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Intel DC P4510 2TB & 8TB Enterprise PCIe NVMe SSD Review

By: Jon Coulter | PCIe SSDs in IT/Datacenter | Posted: May 2, 2018 3:30 pm
TweakTown Rating: 99%Manufacturer: Intel

8K Random Write/Read

 

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We pre-condition the drive for 16,000 seconds, or 4.44 hours, receiving performance data every second. We plot this data to observe the test subject's descent into steady-state. We plot both IOPS and Latency. We plot IOPS (represented by blue scatter) in thousands and Latency (represented by orange scatter) in milliseconds.

 

We observe steady-state for the 2TB model is achieved at 4,000 seconds of preconditioning. Average steady-state write performance at QD256 is approximately 44K IOPS. We observe steady-state for the 8TB model is achieved at 11,000 seconds of preconditioning. Average steady-state write performance at QD256 is approximately 77K IOPS.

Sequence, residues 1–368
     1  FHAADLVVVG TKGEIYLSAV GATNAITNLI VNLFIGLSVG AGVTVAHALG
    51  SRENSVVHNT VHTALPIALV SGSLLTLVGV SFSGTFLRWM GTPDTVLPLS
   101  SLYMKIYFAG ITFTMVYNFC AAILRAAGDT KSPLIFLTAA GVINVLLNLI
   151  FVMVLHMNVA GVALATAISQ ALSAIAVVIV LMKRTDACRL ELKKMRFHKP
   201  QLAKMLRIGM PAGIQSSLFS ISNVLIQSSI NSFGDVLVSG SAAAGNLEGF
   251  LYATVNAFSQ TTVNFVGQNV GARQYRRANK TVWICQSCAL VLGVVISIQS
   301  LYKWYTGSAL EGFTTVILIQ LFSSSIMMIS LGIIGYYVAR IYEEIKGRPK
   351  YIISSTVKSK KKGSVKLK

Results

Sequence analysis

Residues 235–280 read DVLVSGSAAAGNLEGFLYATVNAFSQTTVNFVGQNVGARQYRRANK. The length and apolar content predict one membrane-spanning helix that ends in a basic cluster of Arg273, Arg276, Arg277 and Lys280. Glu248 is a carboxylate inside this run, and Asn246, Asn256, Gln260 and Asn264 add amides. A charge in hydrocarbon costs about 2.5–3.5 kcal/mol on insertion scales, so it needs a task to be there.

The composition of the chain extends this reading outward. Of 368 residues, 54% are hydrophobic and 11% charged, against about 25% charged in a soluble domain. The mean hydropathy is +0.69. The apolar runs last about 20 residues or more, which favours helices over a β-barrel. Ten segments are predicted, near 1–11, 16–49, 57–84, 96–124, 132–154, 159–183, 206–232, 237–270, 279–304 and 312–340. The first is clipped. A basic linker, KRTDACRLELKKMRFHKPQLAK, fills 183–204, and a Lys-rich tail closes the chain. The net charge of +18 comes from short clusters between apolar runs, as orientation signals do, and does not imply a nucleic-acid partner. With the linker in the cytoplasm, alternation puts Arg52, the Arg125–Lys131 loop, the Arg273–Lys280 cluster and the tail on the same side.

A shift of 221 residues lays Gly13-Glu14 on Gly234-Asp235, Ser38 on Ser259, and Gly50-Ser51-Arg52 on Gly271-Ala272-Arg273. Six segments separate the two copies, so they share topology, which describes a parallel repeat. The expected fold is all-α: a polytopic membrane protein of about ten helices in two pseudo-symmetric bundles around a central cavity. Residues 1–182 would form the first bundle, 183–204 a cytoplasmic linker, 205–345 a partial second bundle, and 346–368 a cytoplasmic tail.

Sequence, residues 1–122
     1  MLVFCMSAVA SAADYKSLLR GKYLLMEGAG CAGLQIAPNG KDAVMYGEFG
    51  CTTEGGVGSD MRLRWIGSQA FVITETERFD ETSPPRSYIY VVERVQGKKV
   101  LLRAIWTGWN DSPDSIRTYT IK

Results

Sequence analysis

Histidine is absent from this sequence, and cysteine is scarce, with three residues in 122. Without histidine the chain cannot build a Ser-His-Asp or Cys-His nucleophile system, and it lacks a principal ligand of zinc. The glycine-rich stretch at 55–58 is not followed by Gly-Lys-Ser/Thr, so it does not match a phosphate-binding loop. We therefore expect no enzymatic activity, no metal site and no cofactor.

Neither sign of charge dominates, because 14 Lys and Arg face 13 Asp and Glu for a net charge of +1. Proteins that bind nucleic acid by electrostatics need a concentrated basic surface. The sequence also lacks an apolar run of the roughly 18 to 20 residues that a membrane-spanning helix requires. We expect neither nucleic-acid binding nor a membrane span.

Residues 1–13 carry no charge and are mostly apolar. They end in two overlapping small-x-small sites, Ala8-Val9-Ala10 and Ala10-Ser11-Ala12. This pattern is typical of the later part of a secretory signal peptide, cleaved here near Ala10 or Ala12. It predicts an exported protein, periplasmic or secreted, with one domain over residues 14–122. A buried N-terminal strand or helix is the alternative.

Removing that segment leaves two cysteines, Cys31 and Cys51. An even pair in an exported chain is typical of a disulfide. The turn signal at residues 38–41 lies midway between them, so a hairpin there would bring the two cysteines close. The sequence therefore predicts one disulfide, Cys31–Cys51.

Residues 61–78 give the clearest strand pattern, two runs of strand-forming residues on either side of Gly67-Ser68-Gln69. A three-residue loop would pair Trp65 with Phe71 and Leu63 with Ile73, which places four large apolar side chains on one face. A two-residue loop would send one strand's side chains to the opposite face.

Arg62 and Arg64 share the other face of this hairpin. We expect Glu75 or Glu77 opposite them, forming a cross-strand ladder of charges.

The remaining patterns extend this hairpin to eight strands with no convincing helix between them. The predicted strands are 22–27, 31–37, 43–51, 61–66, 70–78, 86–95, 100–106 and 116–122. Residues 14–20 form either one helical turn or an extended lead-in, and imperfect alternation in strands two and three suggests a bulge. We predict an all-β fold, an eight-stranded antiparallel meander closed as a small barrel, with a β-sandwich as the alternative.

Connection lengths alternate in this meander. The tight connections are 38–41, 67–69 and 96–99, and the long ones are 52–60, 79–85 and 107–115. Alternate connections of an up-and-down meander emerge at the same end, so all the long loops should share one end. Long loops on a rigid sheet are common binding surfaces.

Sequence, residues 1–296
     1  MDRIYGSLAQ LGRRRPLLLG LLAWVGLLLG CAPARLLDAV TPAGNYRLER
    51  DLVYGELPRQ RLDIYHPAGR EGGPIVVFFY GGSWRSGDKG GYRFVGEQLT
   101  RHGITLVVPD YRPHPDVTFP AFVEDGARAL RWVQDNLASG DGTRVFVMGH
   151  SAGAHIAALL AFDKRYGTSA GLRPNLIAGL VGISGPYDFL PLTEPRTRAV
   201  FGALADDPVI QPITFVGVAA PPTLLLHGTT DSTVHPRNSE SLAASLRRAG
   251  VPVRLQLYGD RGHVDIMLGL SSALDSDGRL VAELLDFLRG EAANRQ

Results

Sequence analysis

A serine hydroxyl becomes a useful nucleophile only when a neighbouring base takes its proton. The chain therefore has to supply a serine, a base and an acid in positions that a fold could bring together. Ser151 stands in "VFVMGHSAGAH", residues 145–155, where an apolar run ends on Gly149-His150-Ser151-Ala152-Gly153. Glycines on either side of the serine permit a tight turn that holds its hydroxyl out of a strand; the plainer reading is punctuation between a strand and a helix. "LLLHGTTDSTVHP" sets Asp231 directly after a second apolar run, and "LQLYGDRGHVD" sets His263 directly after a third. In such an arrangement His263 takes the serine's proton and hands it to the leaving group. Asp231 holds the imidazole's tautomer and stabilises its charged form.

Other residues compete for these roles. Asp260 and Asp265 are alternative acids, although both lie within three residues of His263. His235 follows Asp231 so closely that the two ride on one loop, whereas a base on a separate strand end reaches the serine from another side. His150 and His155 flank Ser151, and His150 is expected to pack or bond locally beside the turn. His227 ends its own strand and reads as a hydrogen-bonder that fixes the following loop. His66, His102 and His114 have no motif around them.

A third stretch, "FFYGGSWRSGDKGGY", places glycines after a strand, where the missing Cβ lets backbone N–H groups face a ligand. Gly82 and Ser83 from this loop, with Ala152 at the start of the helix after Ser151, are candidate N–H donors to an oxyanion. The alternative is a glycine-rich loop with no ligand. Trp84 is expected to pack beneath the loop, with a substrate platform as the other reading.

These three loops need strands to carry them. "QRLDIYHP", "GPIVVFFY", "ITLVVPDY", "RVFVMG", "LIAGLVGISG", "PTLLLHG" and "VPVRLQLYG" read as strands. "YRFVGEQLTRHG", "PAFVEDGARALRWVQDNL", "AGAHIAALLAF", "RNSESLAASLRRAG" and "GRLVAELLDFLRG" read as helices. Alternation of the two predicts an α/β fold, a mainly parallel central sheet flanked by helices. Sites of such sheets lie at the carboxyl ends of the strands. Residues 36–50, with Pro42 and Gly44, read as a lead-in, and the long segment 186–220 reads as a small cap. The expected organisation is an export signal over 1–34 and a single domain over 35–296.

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Here again, we see the DC P4510 delivering double the random write performance of all the non-Intel contenders in our test pool at QD1. Both models lead the competition at QD1-QD2. Micron's 9100 MAX is a juggernaut at higher queue depths, but it could be argued that QD1-2 is a more important performance metric.

 

This means that depending on the workload, the DC P4510 likely delivers better write-heavy mixed workload performance at operating region queue depths than the write centric 9100 MAX. In fact, that's exactly what our mixed workload testing shows.

 

 

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Just as we saw with our 4K testing, none of the competing SSDs in our test pool can match the DC P4510 until well after the majority of the typical operating region (QD1-9) has been exceeded. This means that even if the competing SSDs in our test pool exceed the performance of the DCP4510 at queue depths above 9, it doesn't really matter - the DC P4510 still wins.

 

Conclusion (TL;DR): Larger file size, same result. Intel's DC P4510 easily outperforms the competing SSDs in our test pool within typical operating region.

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